The name pyrite is derived from the Greek word for fire, given the name because striking two pieces together can produce sparks. With a hardness ranging from 6 to 6.5, this metallic yellow iron sulfide has earned the familiar nickname, "fools gold." Pyrite demonstrates many crystal patterns, one of the most spectacular being large perfect cubes. The ancient Incas used pieces of pyrite as mirrors. This mineral is believed to enhance willpower and help overcome bad habits. It can also help boost creativity and establish a "can-do" attitude toward life. Pyrite is found world-wide, with important deposits in Spain, Italy and Peru.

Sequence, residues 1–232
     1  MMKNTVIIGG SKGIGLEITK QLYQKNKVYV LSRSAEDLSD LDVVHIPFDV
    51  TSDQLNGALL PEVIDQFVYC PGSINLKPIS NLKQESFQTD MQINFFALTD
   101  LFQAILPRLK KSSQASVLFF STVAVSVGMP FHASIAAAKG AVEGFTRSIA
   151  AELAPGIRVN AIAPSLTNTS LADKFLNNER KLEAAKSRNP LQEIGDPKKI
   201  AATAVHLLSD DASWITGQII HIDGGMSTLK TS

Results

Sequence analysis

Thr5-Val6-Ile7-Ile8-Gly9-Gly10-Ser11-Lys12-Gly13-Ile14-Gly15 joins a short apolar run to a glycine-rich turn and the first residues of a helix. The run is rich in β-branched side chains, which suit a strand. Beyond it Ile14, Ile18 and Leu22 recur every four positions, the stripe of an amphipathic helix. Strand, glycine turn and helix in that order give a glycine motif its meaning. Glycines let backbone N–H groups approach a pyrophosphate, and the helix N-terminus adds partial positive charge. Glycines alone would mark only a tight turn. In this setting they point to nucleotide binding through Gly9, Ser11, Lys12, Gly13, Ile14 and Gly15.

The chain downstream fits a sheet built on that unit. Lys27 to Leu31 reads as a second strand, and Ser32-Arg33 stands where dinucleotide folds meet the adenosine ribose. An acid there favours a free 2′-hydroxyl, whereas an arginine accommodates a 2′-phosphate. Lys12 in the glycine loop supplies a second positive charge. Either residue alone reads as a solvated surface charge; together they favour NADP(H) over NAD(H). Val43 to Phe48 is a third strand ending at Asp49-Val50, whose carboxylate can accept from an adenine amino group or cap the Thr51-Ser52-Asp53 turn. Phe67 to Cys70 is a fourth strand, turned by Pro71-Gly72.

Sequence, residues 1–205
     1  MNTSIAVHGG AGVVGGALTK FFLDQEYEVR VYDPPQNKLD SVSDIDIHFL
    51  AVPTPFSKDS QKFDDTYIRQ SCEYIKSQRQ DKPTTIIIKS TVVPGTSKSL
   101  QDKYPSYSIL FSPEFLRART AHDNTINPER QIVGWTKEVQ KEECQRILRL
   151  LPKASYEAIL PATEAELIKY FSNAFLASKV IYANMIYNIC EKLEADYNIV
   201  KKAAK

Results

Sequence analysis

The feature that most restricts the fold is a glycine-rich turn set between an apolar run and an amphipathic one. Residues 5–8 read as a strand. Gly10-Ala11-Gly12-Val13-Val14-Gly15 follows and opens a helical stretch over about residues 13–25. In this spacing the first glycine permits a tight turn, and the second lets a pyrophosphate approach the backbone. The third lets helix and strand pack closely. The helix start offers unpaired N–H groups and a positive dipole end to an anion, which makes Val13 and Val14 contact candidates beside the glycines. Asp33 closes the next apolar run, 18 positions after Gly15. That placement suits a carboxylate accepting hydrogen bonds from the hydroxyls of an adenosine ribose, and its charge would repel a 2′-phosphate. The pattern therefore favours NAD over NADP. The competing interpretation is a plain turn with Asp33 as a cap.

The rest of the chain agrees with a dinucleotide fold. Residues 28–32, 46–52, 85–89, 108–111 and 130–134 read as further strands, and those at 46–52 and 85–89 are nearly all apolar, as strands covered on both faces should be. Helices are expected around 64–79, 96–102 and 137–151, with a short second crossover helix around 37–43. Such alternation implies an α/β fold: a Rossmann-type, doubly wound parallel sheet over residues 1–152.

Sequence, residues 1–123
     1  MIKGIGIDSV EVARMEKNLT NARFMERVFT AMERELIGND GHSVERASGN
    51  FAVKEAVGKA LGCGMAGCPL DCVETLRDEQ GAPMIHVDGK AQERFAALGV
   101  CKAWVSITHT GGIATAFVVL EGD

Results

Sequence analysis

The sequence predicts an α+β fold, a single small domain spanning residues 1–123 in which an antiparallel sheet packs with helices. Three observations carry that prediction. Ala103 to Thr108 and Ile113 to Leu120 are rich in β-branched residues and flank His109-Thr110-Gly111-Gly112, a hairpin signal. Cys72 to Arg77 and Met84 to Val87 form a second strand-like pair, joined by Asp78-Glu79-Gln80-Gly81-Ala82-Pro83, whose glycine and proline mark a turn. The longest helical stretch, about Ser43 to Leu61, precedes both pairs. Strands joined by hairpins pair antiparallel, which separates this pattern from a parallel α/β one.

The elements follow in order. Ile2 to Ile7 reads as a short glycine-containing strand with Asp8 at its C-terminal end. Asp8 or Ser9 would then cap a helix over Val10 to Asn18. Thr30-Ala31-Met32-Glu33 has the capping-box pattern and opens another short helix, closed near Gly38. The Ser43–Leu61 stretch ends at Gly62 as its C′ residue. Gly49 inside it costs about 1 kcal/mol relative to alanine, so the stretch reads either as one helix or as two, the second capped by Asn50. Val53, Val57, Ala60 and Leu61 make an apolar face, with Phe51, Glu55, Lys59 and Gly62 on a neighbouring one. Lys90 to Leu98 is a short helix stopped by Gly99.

Iridescent rainbow pyrite was recently discovered near the Volga River in Russia. It offers a shimmering rainbow of colors and is found in the form of "drusy," meaning a fine layer of miniature crystals coating a matrix.